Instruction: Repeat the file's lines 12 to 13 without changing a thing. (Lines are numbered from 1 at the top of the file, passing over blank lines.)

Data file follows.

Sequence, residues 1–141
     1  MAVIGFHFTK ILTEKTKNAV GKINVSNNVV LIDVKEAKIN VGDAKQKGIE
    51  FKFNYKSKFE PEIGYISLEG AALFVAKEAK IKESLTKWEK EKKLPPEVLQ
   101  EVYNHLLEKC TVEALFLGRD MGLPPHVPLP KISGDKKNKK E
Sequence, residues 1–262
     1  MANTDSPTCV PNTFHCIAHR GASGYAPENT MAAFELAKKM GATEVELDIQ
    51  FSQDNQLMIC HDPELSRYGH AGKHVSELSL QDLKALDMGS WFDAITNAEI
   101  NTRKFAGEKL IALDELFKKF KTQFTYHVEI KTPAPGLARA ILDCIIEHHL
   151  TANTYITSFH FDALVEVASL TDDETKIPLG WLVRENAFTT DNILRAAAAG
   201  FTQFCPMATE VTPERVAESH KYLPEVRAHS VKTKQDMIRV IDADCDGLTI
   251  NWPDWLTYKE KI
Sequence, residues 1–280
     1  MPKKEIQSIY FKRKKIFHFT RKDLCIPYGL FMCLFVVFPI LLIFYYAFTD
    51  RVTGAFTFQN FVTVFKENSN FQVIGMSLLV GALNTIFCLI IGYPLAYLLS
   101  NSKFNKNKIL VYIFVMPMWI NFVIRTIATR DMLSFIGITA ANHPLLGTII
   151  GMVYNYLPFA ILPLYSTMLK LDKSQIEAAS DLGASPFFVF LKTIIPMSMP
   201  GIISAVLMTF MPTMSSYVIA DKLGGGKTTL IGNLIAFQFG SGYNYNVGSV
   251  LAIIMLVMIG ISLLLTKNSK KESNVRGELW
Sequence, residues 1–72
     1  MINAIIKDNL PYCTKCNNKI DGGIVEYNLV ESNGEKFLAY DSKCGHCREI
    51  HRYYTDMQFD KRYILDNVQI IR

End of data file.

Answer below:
Sequence, residues 1–280
     1  MPKKEIQSIY FKRKKIFHFT RKDLCIPYGL FMCLFVVFPI LLIFYYAFTD